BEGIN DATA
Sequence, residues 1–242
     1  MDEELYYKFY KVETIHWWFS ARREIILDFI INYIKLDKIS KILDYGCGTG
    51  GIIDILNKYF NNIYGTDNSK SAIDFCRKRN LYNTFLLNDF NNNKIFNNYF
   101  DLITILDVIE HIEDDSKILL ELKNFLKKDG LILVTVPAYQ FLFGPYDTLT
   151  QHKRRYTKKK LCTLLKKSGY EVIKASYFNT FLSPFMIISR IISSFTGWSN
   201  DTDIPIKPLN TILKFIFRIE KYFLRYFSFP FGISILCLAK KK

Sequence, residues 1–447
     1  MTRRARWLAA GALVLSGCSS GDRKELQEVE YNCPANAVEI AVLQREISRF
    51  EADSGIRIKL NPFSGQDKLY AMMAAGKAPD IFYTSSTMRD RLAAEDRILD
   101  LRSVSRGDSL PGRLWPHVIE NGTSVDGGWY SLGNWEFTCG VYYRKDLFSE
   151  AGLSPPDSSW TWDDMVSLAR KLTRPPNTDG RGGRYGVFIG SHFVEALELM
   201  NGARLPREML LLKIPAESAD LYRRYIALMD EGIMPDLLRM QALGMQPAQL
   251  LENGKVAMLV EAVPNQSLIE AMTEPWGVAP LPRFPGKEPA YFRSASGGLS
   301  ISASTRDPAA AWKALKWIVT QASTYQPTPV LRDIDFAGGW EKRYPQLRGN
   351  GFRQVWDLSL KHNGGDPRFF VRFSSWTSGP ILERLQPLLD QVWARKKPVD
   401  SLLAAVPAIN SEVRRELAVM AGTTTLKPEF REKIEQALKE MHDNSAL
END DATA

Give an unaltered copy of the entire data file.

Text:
Sequence, residues 1–242
     1  MDEELYYKFY KVETIHWWFS ARREIILDFI INYIKLDKIS KILDYGCGTG
    51  GIIDILNKYF NNIYGTDNSK SAIDFCRKRN LYNTFLLNDF NNNKIFNNYF
   101  DLITILDVIE HIEDDSKILL ELKNFLKKDG LILVTVPAYQ FLFGPYDTLT
   151  QHKRRYTKKK LCTLLKKSGY EVIKASYFNT FLSPFMIISR IISSFTGWSN
   201  DTDIPIKPLN TILKFIFRIE KYFLRYFSFP FGISILCLAK KK

Sequence, residues 1–447
     1  MTRRARWLAA GALVLSGCSS GDRKELQEVE YNCPANAVEI AVLQREISRF
    51  EADSGIRIKL NPFSGQDKLY AMMAAGKAPD IFYTSSTMRD RLAAEDRILD
   101  LRSVSRGDSL PGRLWPHVIE NGTSVDGGWY SLGNWEFTCG VYYRKDLFSE
   151  AGLSPPDSSW TWDDMVSLAR KLTRPPNTDG RGGRYGVFIG SHFVEALELM
   201  NGARLPREML LLKIPAESAD LYRRYIALMD EGIMPDLLRM QALGMQPAQL
   251  LENGKVAMLV EAVPNQSLIE AMTEPWGVAP LPRFPGKEPA YFRSASGGLS
   301  ISASTRDPAA AWKALKWIVT QASTYQPTPV LRDIDFAGGW EKRYPQLRGN
   351  GFRQVWDLSL KHNGGDPRFF VRFSSWTSGP ILERLQPLLD QVWARKKPVD
   401  SLLAAVPAIN SEVRRELAVM AGTTTLKPEF REKIEQALKE MHDNSAL